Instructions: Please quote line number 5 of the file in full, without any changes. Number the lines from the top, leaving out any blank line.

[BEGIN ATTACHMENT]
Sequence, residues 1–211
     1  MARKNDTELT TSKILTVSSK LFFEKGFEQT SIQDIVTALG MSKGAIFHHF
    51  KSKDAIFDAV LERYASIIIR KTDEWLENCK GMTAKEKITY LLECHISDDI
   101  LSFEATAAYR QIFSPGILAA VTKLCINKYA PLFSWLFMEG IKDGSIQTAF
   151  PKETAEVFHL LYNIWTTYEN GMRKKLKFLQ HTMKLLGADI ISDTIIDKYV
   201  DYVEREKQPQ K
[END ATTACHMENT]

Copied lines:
   151  PKETAEVFHL LYNIWTTYEN GMRKKLKFLQ HTMKLLGADI ISDTIIDKYV